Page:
Lustron Lust

There’s something about the row of shiny metallic houses on the 5000 block of Nicollet Avenue in Minneapolis that grabs me. I was driving by them yesterday and the afternoon sun bounced off one of them so brightly that I pulled the car over and shot a few photos.

Lustron house at 5027 Nicollet in Minneapolis (photo by Steve Date)

I think I like them because they cry out mid-20th century style. Even though I never lived in one or even remember seeing one of these pre-fab gems when I was a kid, they evoke familiar feelings from my childhood.

The American dream - no more painting, just put on your sunglasses and a nice dress and spray it off!

In a way, it’s the quintessential baby-boom house. Originally designed in 1947 and marketed to GIs returning from WWII, there were about 2,700 of these enameled steel beauties constructed nationwide between 1948 and 1950. It was hoped that this new low maintenance exterior — invented by Carl Strandlund of Chicago — would appeal to the modern, post-war family.

5021 Nicollet (photo by Steve Date)

There’s a great blog entry by Nokohaha that provides a lot of details about materials, different models, construction methods, etc. The Nokohaha author says there are 18 Lustrons in Minnesota, including 9 in south Minneapolis.

According to the Lustron Preservation Organization website, there are now only about 1,500 of these wonderfully odd little creatures left today. I’m glad somebody is trying to preserve them and I hope the few we have here in Minneapolis will continue to be cared for.

The Lustron houses on Nicollet Avenue are just a few blocks from where I live. I’ve always thought they were cool, and I knew a little about them, but hadn’t ever taken the time to learn more until one of them flashed me on Friday afternoon and I decided to take a picture. So even if this blog is entirely self-serving (which it is), it’s still worth doing, because it gives me reason to stop, look and learn about stuff that’s right under my nose.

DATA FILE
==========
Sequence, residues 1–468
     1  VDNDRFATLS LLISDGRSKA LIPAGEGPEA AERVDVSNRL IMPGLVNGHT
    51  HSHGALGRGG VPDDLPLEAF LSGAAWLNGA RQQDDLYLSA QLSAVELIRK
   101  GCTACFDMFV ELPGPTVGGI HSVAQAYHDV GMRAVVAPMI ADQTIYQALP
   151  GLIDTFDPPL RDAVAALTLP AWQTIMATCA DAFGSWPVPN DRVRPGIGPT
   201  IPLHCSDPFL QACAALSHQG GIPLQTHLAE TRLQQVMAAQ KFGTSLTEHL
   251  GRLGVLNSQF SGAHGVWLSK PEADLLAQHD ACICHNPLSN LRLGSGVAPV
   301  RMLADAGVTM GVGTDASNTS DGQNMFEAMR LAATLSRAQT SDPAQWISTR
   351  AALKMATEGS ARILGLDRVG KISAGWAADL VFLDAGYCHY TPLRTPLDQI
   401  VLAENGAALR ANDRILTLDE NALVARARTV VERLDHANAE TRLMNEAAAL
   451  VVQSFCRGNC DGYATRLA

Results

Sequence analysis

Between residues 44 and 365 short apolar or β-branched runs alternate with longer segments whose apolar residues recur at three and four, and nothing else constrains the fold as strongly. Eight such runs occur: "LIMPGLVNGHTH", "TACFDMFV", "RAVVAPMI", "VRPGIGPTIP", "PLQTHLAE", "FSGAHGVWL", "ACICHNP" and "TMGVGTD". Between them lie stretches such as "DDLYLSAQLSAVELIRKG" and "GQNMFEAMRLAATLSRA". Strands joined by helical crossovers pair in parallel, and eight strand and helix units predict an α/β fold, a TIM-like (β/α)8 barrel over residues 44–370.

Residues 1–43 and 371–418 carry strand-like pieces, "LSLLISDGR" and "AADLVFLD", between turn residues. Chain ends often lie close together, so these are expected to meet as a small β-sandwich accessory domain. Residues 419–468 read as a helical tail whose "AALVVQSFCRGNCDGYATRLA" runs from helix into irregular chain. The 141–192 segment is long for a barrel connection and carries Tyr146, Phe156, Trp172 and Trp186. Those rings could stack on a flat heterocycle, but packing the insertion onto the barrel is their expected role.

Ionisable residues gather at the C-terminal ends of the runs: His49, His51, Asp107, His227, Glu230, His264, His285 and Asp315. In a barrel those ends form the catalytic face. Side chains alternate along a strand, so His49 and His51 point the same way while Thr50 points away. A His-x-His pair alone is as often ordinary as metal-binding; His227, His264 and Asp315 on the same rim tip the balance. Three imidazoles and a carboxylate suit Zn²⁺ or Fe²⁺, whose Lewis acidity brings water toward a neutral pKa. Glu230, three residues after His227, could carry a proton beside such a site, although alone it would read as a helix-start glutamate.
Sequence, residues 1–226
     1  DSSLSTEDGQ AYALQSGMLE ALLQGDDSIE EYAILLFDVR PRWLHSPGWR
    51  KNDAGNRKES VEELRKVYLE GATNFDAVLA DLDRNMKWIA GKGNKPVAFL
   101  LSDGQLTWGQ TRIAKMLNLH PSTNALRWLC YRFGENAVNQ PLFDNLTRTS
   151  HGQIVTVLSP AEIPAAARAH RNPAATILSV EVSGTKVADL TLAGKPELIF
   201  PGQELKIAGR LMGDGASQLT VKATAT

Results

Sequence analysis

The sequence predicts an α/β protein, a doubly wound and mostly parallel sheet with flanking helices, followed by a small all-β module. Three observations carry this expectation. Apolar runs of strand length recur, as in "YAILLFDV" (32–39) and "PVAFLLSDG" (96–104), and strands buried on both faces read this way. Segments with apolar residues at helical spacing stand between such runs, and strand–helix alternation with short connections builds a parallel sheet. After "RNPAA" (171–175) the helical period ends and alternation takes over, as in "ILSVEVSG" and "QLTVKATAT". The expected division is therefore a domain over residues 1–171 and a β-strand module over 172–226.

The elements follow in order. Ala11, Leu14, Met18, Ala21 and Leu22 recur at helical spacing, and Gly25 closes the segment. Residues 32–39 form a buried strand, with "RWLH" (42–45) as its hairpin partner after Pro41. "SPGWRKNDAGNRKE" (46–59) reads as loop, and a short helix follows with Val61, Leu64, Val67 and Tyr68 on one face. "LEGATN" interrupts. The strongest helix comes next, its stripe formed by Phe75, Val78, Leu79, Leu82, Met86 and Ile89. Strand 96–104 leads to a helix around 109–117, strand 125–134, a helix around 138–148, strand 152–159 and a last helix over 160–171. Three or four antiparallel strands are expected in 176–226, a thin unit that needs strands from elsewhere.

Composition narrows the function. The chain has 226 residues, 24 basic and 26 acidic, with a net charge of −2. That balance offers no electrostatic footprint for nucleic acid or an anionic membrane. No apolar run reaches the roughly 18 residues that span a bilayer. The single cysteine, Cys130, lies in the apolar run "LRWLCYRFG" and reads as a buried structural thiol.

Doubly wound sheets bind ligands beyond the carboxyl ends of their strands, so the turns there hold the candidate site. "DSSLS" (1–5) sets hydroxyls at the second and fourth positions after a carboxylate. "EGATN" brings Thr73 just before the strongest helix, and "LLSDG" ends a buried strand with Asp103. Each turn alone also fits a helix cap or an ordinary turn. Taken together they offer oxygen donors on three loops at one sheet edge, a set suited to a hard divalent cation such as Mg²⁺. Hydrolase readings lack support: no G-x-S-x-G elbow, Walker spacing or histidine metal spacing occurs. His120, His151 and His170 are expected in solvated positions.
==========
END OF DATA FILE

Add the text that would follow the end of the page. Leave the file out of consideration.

Now if I can just get invited into one of them to look around . . . .

Now just about old enough to collect Social Security, this Lustron house looks as good as the day it was built. (photo by Steve Date)

Advertisements

Big Creek High School: a missed opportunity for historic preservation

I like old buildings. They’re often visually interesting. They evoke feelings and memories from another era. They have stories to tell.

They’re irreplaceable.

After hearing rumors for a while, I recently found out that Big Creek High School in War, West Virginia will be demolished soon.

Big Creek High School in October of 2005

If you remember the movie, “October Sky” or Homer Hickam’s book, “Rocket Boys”, on which it was based, then you know about Big Creek.

Homer "Sonny" Hickam's senior photo from the Big Creek High School yearbook

It was the school where young Homer — “Sonny” in those days — and his friends attended Miss Riley’s class and were inspired to “aim high” and learn how to build rockets that eventually won a national science fair and put them all on college-bound paths that led out of the coalfields and dying towns of southern West Virginia.

I made a documentary film about Coalwood, West Virginia, home town of Homer Hickam and the Rocket Boys, a few winding miles down the road from from War. I’ve been inside Big Creek High School a few times and found it to be a fascinating place, a time capsule where you could immediately feel as if you were back in the 1950s.

My first visit to Miss Riley's former classroom in 2005


A tropy case contains The Rocket Boys' National Science Fair medal. Homer Hickam (Jake Gyllenhaal) and Miss Riley (Laura Dern) look skyward in a poster from the 1999 movie, October Sky.